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Collecting the Data from a case study:
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Open interviews. Semi structured interviews. Structured interviews.

When choosing this source then the architect should be aware of the advantages and disadvantages. The advantage by using this source of data are the case questions. This leads to the advantage on finding causal actions and references. The disadvantages by using this source of data are that the data might be biased due to badly articulated questions and it might become a situation where the architect might get the data the architect wants to hear.
5.3.2 Documentation

Documentation can be reports, documents, diagrams (flowcharts), network documentation, contracts, cash flow reports, memos etc. This data source have advantages and disadvantages. First I will deal with the advantages. The advantage the architect can gain by using this source of data are that the source is rarely created for the sake of the case study, the data source can most likely give the architect an overview of the situation in the case organization. There are however also some disadvantages by using the data source. The disadvantages are that the relevant documents, reports can be hard to find and if the architect has an incomplete archive then it might lead to an unfortunate bias.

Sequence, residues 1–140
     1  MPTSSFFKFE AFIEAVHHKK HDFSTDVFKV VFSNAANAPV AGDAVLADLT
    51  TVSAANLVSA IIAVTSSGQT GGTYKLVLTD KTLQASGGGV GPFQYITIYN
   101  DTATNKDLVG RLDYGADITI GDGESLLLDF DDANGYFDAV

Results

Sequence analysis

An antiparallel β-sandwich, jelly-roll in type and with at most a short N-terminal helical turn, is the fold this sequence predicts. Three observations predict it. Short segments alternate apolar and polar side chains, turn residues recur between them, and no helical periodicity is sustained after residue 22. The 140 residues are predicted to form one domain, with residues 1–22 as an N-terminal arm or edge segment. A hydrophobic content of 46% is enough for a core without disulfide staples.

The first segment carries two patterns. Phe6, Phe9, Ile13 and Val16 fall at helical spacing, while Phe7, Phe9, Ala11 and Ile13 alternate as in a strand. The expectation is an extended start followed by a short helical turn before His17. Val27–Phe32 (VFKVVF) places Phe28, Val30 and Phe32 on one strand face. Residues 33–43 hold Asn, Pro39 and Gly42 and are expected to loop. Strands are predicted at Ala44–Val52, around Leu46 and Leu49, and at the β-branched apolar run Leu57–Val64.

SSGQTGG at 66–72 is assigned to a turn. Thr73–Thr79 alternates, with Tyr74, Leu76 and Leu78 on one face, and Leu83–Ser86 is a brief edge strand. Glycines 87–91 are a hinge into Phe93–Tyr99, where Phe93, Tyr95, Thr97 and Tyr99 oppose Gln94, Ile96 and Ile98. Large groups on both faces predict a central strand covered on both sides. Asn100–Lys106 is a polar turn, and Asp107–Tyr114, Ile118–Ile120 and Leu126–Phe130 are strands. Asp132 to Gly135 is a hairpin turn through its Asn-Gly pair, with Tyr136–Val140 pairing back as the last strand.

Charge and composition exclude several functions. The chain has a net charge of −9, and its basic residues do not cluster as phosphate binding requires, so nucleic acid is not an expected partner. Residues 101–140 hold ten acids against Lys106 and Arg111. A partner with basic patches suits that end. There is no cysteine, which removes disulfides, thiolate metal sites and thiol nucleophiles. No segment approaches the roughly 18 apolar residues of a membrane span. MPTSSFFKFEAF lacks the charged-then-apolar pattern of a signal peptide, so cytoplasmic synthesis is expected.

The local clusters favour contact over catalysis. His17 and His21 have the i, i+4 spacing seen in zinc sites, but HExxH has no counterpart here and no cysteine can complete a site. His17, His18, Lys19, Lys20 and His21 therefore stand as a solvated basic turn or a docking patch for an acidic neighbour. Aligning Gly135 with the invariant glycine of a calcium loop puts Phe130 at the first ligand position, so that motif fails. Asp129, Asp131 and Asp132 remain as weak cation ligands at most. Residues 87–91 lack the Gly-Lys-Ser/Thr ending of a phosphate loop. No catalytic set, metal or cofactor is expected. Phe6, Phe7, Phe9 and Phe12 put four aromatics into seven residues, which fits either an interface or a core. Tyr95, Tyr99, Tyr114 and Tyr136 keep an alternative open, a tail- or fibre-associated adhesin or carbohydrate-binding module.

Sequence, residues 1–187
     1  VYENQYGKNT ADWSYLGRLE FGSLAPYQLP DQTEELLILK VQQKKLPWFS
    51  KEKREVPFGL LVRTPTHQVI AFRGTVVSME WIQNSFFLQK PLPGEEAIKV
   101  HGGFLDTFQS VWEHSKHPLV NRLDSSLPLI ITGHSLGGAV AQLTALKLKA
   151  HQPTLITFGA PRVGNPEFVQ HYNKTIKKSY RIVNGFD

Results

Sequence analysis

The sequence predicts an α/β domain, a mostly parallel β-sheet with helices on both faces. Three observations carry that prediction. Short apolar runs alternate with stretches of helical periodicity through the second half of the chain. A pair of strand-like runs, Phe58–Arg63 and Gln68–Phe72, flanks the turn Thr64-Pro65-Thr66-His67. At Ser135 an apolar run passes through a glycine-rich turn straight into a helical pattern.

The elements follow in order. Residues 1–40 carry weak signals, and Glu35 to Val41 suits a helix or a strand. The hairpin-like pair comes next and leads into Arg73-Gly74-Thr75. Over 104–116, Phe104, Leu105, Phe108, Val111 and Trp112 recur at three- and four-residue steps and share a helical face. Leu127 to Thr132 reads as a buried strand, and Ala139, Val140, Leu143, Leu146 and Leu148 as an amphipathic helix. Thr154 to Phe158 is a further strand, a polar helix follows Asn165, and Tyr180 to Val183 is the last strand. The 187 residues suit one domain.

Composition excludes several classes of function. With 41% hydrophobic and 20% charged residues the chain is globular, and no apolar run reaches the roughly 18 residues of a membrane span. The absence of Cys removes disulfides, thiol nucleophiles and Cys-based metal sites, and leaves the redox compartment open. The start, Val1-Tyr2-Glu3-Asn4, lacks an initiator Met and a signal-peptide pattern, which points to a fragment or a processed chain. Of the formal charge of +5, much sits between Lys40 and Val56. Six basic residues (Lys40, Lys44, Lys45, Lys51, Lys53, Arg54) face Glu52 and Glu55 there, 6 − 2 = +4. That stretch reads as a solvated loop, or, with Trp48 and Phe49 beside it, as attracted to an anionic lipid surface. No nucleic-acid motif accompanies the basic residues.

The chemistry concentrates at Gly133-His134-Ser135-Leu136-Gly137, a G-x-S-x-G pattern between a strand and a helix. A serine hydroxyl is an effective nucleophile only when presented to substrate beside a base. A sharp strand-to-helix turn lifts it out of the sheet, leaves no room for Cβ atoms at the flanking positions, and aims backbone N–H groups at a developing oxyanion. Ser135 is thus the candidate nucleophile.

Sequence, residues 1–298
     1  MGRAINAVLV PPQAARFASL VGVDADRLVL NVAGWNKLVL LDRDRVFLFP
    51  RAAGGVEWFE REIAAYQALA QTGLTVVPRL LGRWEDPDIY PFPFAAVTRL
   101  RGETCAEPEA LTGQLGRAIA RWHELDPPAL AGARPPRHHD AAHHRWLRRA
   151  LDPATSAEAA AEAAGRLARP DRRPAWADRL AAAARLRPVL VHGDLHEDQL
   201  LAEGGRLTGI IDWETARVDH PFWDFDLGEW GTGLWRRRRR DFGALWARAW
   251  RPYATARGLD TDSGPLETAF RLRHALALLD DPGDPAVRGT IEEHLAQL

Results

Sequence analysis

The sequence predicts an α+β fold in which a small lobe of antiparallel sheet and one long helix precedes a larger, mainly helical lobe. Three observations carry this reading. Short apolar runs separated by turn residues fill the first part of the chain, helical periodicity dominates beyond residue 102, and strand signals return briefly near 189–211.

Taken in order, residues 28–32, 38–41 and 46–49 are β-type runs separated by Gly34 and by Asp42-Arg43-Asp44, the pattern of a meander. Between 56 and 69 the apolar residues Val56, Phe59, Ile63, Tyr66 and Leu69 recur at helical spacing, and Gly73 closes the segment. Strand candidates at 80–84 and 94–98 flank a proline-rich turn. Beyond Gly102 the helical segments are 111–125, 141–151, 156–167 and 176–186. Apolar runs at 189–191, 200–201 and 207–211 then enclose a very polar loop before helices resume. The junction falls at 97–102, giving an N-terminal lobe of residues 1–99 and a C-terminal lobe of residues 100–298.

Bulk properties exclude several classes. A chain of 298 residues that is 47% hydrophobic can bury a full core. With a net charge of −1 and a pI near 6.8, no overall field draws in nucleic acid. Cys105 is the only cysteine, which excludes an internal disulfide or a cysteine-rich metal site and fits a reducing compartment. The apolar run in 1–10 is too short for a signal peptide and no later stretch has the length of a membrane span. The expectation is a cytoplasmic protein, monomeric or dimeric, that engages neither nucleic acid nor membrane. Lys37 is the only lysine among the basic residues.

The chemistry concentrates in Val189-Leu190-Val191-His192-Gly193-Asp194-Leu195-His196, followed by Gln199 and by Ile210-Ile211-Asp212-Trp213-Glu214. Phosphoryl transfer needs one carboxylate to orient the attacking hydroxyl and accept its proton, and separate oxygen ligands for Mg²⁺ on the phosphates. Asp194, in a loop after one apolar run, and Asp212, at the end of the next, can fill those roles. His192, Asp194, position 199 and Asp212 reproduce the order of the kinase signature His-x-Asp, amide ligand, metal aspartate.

5.3.3 Records from archives

The archives don't have to be within the organization but it can be from the local library or from the media. The records from the archives suffer from the same advantages and the disadvantages as the documentation.
5.3.4 Direct observations

Direct observation is based on that the architect is out in the case organization and observe what happens and use his or her judgement to capture what is necessary to continue the study. This leads to that the collected data might become biased as result of the personal judgement.
5.3.5 Physical artifacts

Might show how the case organization operates and might prove to become insightful into how the
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Collecting the Data organization operates. There are however some disadvantages which needs to be taken into consideration. The are two disadvantages that are relevant 1) availability and 2) selectivity. 5.4 From a Coherency Management Point of View

Since Coherency Management is based on the concept of Enterprise Architecture and that leads to the idea that Zachman proposed regarding layers of an organization. Therefore should the architect focus on what data sources that are usable for his or her case study e.g., documentation should give the architect a good idea on how the information layer and the technical layer works. The interview forms give the architect the possibility to uncover problems and mismatch among the layers. The records from the archives give the architect a good idea on how the organization has developed over time. That should give the architect a usable overview of how the organization has been able to construct its layers and what the individuals in the organization have contributed with. 5.5 The Chain of Evidence

The chain of evidence has to support the conclusions. Therefore should the architect make sure that the chain of evidence be established and maintained during the case study (please see drawing 1).